ChinAI #124: China Standards 2035 — Coming Soon
A national standard framework for new generation AI
|Jeffrey Ding||Dec 21, 2020|| 2|
Greetings from a world where…
Third-tier newsletters cover product innovations, second-tier newsletters cover process innovations, first-tier newsletters cover technology standards.
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Feature Translation: China Standards 2035 ready to come out, this is the real key to Sino-U.S. tech competition
Last week, we covered localized substitution in Chinese software, which included a table, titled “Domestic and foreign ecosystem alliances in chips + operating systems” from Huaxi Securities Research Institute. Thanks to Kristy Loke for stepping up and translating it in full — now on page 5-6 of the full translation from last week.
Context: This week, we circle back to a previous Around the Horn pick that some readers had expressed interest in, from 智谷趋势 (zgtrend), which was the source of the feature translation on China’s North-South gap from a couple weeks back.
Article expresses the standard narrative about China Standards 2035, which goes like this:
First, China has lacked the “right to speak”/”discursive power” in writing the rules of the technological roads. Hence, China pays the second most in intellectual property royalties, which leads to a large deficit in trade in services. In the past, when China tried to challenge American-dominated standards with its own — most notably, the WAPI standard for wireless — Chinese experts were denied visas by the U.S. to attend key meetings. That’s not completely true, but that’s the version in the article. Here’s more context on what actually happened in the WAPI case back in 2004. Also, there’s more to technical standards-setting than zero-sum competition between great powers. In a commentary for NBR, I analyzed how China, the United States, and other countries are balancing priorities in their pursuit of technical standardization in data governance and artificial intelligence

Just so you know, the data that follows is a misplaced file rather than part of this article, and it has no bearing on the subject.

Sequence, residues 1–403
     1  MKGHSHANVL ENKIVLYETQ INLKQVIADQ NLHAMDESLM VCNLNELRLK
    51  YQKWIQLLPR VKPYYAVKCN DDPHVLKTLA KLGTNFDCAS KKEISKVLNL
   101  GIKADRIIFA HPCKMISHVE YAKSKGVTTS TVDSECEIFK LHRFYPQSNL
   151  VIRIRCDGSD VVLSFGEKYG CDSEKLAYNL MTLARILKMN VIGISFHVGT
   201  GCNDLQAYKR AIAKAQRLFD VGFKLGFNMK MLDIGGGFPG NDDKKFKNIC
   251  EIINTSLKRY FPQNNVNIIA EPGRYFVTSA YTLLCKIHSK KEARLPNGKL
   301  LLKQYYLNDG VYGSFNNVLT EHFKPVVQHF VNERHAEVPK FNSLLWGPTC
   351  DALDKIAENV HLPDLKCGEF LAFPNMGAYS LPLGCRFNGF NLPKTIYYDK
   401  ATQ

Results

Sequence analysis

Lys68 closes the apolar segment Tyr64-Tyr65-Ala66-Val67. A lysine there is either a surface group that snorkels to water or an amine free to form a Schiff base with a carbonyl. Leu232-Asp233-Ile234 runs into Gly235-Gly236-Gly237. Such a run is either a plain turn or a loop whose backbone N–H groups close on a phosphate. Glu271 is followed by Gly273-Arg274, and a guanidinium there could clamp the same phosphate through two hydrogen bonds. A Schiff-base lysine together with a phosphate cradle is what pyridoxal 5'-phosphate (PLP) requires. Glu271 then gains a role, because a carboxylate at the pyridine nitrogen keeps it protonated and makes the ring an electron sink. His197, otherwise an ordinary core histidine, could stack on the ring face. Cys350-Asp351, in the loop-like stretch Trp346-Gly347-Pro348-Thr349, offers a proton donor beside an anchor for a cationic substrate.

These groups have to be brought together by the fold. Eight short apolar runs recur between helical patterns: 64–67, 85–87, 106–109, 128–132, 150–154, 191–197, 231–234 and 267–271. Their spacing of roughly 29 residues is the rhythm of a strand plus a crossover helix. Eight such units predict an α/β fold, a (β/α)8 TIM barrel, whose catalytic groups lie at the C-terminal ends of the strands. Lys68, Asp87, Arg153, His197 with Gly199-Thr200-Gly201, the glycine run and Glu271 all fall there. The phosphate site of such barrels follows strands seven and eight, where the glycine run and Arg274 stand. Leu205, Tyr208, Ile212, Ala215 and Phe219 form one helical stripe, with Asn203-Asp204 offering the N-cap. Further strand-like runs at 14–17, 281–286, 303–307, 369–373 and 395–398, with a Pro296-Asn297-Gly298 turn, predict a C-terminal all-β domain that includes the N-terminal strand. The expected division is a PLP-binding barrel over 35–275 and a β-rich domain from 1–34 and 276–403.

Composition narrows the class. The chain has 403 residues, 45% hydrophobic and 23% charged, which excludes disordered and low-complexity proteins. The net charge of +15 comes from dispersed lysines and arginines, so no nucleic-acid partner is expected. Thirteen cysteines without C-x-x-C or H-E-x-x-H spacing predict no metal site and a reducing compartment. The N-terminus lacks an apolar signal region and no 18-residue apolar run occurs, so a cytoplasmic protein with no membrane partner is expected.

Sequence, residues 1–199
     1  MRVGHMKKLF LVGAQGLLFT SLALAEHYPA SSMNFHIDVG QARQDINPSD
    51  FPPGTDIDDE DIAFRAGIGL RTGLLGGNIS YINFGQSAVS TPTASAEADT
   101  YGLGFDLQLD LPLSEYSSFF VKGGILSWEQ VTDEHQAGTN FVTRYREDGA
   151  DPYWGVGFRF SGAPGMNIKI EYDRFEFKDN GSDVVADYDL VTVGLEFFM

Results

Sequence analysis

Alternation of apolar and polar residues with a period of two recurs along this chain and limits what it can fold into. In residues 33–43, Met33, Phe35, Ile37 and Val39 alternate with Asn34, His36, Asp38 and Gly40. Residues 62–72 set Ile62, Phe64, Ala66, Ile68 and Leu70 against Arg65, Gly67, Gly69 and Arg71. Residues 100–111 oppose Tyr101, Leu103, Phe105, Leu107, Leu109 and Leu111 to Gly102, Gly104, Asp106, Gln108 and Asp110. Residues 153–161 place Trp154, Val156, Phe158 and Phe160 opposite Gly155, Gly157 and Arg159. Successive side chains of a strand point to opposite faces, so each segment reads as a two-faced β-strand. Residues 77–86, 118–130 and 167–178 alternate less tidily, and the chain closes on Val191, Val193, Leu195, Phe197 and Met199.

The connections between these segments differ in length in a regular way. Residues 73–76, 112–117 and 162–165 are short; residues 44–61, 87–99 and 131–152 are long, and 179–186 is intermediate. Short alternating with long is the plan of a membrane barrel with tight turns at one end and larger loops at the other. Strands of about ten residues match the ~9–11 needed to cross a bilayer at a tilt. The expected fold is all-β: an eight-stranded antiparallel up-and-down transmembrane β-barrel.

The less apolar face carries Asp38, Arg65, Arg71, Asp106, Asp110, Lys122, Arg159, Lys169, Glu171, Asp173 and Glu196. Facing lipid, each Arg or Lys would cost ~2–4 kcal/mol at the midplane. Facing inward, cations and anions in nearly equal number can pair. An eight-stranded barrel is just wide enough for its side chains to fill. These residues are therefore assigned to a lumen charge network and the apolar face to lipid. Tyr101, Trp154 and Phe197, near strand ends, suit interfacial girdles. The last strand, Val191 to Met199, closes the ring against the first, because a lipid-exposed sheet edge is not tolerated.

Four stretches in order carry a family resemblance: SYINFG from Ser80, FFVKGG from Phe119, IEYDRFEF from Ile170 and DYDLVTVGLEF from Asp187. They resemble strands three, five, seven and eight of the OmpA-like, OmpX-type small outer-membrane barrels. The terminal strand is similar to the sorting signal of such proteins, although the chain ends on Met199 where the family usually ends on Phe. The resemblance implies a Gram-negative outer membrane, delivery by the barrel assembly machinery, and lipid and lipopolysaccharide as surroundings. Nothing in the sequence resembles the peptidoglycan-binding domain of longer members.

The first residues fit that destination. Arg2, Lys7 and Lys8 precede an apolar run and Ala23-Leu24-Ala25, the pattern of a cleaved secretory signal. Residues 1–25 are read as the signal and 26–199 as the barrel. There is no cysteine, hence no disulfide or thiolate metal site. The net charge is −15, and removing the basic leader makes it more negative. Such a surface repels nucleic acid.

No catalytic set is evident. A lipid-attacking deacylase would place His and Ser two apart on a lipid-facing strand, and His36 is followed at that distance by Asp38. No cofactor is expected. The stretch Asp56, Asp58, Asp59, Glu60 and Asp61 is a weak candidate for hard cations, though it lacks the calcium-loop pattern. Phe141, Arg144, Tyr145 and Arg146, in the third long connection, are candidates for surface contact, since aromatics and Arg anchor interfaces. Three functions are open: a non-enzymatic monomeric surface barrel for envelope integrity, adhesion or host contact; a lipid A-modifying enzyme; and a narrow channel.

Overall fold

Second, new technological revolutions provide an opportunity for China to lead in the formulation of new systems of standards. AI is key to this, so that’s why in mid-August, the Standardization Administration of China and other five departments jointly issued the "Guide to the Building of a National Standard Framework for New Generation Artificial Intelligence.”
Some nice, substantive indicators for China’s efforts to increase influence in digital standards-setting:
In recent years, the annual growth rate of China's submissions to the ISO and IEC (two leading int’l technical standards bodies) has reached about 20%. In 2019, China submitted a total of 238 proposals for ISO and IEC international standards, of which 150 were submitted to ISO, 77 were submitted to IEC, and 11 were submitted to the Joint ISO/IEC Information Technology Committee (JTC1) — this is the body where one of the most important AI standards bodies is housed (SC 42)
China has submitted 830 technical documents related to wire communication (有线通信 — how do you translate this?!) to the ITU, ranking first in the world, surpassing the total of the following three countries, South Korea, the United States, and Japan.
It’s important to keep all this in comparative context. When measured by national representatives at the chair or vice-chair positions at ISO and IEC technical committees, China’s influence has greatly increased but remains below that of other countries like the U.S. and Germany. As the article notes, these are very rough proxies for influence — at the end of the day, the best tech does carry a lot of weight even if it doesn’t always win, so the quality of technological standards is most important. The figures below support these two points — data from the Japanese Industrial Standards Committee.
One last thought for those who like meta-analysis. It’s notable how much international (esp. U.S.) coverage of China Standards 2035 has shaped this zgtrend article.
The opening quote cites Frank Rose, a senior researcher at Brookings, on the importance of standards for U.S.-China tech competition — which is essentially the frame of the article. It also quotes U.S. Attorney General Barr’s speech at a CSIS conference, Naomi Wilson’s excellent de-hyping of China Standards 2035 on the CFR blog, and many other international outlets like Foreign Affairs.